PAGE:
AI and the Medical Industry
How AI is Helping to Reshape Healthcare Systems
How AI is Helping to Reshape Healthcare Systems
Artificial intelligence (AI) is becoming a very powerful asset in today’s society. Before too long, we will more than likely find it featuring within majority of daily tasks we undertake.
It is very apparent that the medical industry underwent a rapid digitalization, due to the affects of covid-19. It was a revolution that had been in the pipeline for a while, but the pandemic spurred a change of priorities. This included the need to reduce physical contact to suppress transmission of the virus, leading to technological and custom software solutions to be created that could be utilized remotely. Both have been a massive support for so many industries during the past 18 months, when they needed to turn to tailor-made software solutions to continue operations. This is only going to continue after the fallout of covid-19, as cultural shifts continue to change and dominate the way companies work.
However, at Clever Software Group, we have been contemplating where AI fits into this digital revolution, which is currently taking place within the medical field. Yes, it is a technology that is ground breaking and could potentially lead to a world of new opportunities. Despite this, it could be argued that the development of AI is still very much in its infant stage and, perhaps, isn’t yet capable of covering diverse illnesses and problem areas found within the medical industry.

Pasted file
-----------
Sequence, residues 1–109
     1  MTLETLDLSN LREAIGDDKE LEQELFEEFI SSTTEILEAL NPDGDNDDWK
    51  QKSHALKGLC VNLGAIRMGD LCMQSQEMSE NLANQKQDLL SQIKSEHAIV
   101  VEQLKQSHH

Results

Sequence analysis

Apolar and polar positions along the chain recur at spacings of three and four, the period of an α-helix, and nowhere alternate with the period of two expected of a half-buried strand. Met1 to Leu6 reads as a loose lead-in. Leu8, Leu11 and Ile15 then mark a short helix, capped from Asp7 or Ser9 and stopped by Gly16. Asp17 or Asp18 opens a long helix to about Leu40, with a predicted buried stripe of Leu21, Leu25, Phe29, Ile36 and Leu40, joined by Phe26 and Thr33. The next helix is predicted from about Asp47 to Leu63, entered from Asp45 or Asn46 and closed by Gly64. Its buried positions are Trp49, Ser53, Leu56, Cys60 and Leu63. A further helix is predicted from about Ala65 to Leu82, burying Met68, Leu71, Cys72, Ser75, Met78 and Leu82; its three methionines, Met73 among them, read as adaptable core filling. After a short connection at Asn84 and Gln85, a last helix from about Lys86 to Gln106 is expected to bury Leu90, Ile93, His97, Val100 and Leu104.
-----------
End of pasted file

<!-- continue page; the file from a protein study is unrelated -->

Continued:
Medical science is quickly evolving and advancing at lightning speed. This has been highlighted by the very short timeframe used to produce and rollout the various coronavirus vaccines, in recent months. The advancement in medical technologies and understandings is vastly enhancing quality of life, as well as life expectancy. It has been predicated that the use of AI within the medical world will only support these aspects further.